What happens when you find yourself living the life you wanted and it kind of sucks?
I have been thinking about this question for a while, as I see other friends finally "making it" to their callings, not just 'good jobs' but the thing they always imagined they wanted to do with their lives. Smart do-gooder friends finally work for the government. Missionary friends go overseas and find their unwashed masses. Friends who always wanted a baby finally adopt the perfect child God prepared for them from the foster care system.
These people, they tell me that they are sooooo incredibly blessed at this moment. God has come through and given them everything! Everything he put on their hearts to desire! And then they tell me their complaints. The first is how God-awful TIRED they are right now. Oh my goodness, I would LOVE some coffee, yes, I've just switched from two cups a day to three. Also, money is a little bit of a stressor right now. I just had no idea how much I'd need to spend on parking / bribes / advocate services / dinners out. And I cannot even tell you about the paperwork. Reams and reams of paperwork. Just when you think you are finished with one round, there's another email in your inbox / letter in the mail / lawyer at your door with a dozen forms you have to fill out EXACTLY PERFECTLY.
And it's not that God didn't come through. He sure came through fo rus - he gave us what we wanted. He just didn't change the entire world underneath us while he was at it. He gave us our dreams and made them reality. It's just that we now have to live our dreams in the context of reality. And reality tends to be chaotic and frustrating. Other people make difficulties of us. Not to mention the weather.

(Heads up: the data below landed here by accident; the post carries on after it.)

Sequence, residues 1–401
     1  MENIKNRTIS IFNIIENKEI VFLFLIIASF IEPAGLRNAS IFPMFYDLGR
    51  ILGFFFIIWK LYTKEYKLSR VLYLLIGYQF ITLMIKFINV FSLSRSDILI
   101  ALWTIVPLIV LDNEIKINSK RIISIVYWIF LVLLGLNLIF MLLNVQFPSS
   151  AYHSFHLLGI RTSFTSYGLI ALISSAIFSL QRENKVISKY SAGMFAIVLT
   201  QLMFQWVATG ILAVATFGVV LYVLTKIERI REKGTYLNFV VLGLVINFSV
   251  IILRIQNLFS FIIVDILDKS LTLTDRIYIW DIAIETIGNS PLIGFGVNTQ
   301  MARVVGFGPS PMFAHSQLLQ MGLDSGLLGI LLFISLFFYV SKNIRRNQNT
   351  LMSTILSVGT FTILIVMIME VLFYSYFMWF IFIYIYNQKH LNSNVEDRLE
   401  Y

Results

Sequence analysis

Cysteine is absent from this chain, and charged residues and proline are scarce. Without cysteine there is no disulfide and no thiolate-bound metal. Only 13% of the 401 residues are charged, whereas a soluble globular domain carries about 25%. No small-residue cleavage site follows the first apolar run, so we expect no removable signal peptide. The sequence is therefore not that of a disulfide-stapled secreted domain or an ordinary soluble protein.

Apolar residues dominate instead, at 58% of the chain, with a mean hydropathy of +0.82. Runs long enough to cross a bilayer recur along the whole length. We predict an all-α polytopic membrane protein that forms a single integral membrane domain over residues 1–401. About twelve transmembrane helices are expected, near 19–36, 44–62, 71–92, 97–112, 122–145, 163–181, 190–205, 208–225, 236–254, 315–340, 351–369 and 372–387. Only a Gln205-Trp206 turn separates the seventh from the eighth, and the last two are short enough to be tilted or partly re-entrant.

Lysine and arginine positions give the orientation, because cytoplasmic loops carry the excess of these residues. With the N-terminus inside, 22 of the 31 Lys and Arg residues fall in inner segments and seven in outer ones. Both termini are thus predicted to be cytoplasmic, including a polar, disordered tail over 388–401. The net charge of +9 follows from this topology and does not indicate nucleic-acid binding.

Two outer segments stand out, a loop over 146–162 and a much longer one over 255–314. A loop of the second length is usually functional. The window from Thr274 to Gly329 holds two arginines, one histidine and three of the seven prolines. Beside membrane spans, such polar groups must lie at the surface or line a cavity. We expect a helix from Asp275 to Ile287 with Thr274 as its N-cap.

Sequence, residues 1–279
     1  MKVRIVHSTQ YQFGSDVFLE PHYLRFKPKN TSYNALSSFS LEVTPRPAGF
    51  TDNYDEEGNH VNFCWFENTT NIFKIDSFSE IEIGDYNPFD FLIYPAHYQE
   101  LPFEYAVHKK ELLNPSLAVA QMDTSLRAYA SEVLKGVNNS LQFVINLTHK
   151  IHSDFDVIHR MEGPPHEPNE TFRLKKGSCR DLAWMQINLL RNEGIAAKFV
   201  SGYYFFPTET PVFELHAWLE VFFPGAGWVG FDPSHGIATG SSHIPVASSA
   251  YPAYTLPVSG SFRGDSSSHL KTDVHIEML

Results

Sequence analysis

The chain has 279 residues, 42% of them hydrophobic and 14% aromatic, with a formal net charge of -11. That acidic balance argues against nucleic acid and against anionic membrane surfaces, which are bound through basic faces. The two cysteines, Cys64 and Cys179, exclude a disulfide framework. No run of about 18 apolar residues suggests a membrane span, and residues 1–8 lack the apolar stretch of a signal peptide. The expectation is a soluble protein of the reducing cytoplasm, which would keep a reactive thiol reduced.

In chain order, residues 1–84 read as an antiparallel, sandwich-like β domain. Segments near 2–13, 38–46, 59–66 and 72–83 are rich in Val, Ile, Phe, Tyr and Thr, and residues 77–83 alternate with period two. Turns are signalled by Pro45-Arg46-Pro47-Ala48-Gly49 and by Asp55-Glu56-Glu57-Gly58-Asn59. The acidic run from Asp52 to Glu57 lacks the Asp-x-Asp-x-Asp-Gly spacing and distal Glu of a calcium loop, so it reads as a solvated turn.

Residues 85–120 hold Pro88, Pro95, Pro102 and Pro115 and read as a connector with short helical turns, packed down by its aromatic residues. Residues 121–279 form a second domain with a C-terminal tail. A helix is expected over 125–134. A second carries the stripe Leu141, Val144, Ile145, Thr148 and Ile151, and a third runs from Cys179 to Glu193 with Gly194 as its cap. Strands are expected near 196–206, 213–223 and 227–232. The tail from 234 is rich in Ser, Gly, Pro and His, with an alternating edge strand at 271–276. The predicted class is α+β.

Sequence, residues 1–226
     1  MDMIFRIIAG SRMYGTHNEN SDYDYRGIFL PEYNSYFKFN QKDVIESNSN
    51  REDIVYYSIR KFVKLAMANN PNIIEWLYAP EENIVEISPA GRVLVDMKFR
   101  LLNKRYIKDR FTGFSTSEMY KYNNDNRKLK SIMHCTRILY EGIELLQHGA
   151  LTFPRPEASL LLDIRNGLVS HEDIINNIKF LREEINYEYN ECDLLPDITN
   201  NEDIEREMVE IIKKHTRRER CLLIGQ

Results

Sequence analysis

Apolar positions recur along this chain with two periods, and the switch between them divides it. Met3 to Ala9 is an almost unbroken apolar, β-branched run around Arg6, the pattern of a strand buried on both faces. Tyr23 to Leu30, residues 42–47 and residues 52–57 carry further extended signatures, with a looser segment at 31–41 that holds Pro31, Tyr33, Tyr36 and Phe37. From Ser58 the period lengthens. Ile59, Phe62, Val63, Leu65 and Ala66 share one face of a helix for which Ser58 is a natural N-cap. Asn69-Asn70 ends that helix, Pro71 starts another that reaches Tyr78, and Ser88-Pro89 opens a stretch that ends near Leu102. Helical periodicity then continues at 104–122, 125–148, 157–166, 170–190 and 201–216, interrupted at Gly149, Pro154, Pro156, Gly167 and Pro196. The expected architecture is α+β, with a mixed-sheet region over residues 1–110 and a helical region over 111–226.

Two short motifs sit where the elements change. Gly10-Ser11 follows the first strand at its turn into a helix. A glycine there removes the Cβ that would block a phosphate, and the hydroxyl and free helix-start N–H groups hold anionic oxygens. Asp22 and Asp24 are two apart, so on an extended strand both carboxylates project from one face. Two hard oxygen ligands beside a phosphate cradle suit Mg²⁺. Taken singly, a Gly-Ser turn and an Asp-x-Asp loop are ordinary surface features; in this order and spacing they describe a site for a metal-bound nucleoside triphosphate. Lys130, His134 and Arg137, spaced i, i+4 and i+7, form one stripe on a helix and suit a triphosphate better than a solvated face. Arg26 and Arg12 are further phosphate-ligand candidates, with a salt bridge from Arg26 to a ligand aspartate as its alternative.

Also, he didn't magically give us new selves either. I was a little tired and frustrated before, when I was stuck inside a cubicle making money at a job I hated. Now I'm living my calling as someone who's (who'd have guessed it?) a little tired and frustrated. My friends and I, perhaps we thought that living the life we dreamed would magically make us the people we dreamed of being. We saw another missionary and he looked happy, and we thought it was the mud hut and all that time in the sunshine. We didn't think that probably he was the type of person who was happy to begin with.
I am not knocking dreaming. Life takes dreaming. I am just saying some of us put a lot of eggs in a single basket.
So what are my dreams now? Now that life is wonderful and I still remain stubbornly human? I dunno, different ones. Bigger ones. I'll never learn. But I also have small dreams too, now. Sandwich sized-dreams. Literal dreams of sandwiches. To give me practice getting what I want and not taking it so disappointed.
We have summer squashes in the garden after an absence of a year or two. Five types, because I was using up the ends of a few different seed packets (and then bought one more when I had bad germination on some old zucchini seeds). They're growing fine—not at the amazingly productive level that gives rise to jokes, but respectably—but I do have one problem: I can't tell how big they are.